In English, many things are named after a particular country – but have you ever wondered what those things are called in those countries?
1peine de dientes finos masculinepeine de púas finas masculineto go over / through sth with a fine-tooth comb — mirar algo con lupa
- So I wrote to assure them that I had raked over every lyric with a fine-toothed comb, and that I was only doing songs that I felt I could do.
- They'll go over it with a fine-tooth comb and find every area that looks unusual - burning, breakage, that kind of thing - to try to help determine what the primary cause was.
- All of their marketing strategies for the coming year will have to be gone through with a fine-tooth comb, and most of them will have to be scrapped.
- The thing was to discover what they wanted to write, and then go through each poem with a fine-tooth comb to try to help them improve it.
- Tomorrow I shall go over all my outgoings with a fine-tooth comb, looking for other savings.
- The planners' report goes over the city's Official Plan with a fine-tooth comb to discover numerous reasons why this kind of development is inappropriate for the neighbourhood and inconsistent with all the city's planning intentions.
- It just shows you, kids, don't ever sign a statement if you haven't been through it with a fine-tooth comb.
- Lawyers are going through the proposals - in a document 70 or 80 pages long - with a fine-toothed comb.
- It's going to be examining every piece of software with a fine-tooth comb.
- He and I looked over the modem with a fine-tooth comb, and could find nothing that looked like a button.
- The Department of Arts has gone through it with a fine-tooth comb and it is absolutely justified.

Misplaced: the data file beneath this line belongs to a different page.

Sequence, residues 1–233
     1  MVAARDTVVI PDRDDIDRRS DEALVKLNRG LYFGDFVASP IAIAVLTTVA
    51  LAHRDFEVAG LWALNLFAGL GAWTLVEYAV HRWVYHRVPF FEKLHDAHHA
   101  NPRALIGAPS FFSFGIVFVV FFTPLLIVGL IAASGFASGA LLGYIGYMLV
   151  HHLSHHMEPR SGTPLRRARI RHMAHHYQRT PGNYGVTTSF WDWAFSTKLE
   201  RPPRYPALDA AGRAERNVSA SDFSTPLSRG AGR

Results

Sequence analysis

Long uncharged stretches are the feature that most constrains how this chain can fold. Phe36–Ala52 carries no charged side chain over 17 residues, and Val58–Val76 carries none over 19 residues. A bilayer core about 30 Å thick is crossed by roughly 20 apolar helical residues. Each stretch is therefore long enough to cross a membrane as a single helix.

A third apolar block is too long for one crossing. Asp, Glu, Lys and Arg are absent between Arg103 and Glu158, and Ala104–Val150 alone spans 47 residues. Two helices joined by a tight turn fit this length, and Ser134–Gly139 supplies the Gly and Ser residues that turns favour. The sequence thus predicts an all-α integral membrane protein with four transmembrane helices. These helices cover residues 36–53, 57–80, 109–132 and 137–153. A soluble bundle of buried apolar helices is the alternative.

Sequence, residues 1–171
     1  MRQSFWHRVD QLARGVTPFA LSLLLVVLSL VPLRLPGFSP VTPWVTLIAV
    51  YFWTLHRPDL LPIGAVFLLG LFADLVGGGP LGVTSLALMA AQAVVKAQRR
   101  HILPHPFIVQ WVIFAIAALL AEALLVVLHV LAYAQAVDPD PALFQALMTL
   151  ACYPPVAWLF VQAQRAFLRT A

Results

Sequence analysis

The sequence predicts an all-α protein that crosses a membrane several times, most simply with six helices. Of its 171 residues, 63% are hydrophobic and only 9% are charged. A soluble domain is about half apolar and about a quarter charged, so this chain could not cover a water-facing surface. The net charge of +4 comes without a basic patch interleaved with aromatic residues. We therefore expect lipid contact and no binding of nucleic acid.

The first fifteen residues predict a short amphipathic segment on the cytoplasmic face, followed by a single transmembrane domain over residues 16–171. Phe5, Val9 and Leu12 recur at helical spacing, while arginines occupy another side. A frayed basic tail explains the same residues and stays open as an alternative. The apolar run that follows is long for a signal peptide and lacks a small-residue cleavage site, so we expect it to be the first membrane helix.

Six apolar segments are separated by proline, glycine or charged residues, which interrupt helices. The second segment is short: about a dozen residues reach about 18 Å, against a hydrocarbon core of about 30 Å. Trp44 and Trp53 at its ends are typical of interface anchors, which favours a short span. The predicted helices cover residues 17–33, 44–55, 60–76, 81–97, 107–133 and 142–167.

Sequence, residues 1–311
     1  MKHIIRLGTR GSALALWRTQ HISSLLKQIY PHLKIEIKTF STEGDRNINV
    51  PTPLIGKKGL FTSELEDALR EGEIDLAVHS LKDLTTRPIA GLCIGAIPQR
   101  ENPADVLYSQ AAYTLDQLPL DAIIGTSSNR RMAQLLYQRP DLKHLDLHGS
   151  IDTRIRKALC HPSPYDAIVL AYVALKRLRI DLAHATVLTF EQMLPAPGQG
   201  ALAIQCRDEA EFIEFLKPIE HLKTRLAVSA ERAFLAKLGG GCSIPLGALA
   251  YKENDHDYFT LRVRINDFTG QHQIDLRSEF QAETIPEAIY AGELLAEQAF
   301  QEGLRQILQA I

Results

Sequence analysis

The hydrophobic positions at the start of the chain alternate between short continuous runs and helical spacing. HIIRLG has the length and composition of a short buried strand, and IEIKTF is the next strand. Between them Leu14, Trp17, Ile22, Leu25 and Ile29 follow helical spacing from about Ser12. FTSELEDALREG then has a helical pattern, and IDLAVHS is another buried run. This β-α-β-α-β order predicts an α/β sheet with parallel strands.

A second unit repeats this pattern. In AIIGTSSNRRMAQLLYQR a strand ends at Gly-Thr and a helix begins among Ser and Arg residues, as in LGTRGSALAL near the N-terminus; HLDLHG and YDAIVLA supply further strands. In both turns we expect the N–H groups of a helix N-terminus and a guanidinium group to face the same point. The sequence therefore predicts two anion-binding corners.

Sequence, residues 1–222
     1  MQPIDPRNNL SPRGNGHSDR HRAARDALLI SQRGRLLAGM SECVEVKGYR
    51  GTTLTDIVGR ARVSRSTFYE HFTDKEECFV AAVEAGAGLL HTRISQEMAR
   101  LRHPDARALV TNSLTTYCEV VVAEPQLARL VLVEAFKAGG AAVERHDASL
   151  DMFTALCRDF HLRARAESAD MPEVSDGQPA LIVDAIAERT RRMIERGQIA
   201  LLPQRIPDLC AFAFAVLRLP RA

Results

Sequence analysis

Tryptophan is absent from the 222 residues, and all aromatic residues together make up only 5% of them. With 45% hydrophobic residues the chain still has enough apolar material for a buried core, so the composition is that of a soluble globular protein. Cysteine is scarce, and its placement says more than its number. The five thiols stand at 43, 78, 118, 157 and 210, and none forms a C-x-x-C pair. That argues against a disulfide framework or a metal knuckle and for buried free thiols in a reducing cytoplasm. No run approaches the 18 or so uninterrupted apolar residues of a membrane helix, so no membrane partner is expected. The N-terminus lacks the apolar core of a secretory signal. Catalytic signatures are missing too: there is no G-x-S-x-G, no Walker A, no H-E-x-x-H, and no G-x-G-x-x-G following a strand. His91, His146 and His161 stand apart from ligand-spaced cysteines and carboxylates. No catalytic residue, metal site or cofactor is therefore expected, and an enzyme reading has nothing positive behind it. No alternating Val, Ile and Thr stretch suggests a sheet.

- ‘I've been through their manufacturing products with a fine-tooth comb, and they're not bad at all,’ he says.
- That's why you have to really go through your contract with a fine-tooth comb.
- ‘We have thousands of contracts, all of which were set up at a different time and in a different way, so it meant going through each one with a fine-toothed comb,’ Nish says.
- We will be going through the proposed plans with a fine-toothed comb to make the best we can of it, looking for ways to mitigate the impact of the road.
- ‘It's my fault for not going through it with a fine-tooth comb,’ Wells observed.
- It might contain an underlying message that overrides careful analysis discoverable only by the few who go through it with a fine-tooth comb.
English has borrowed many of the following foreign expressions of parting, so you’ve probably encountered some of these ways to say goodbye in other languages.
Many words formed by the addition of the suffix –ster are now obsolete - which ones are due a resurgence?
As their breed names often attest, dogs are a truly international bunch. Let’s take a look at 12 different dog breed names and their backstories.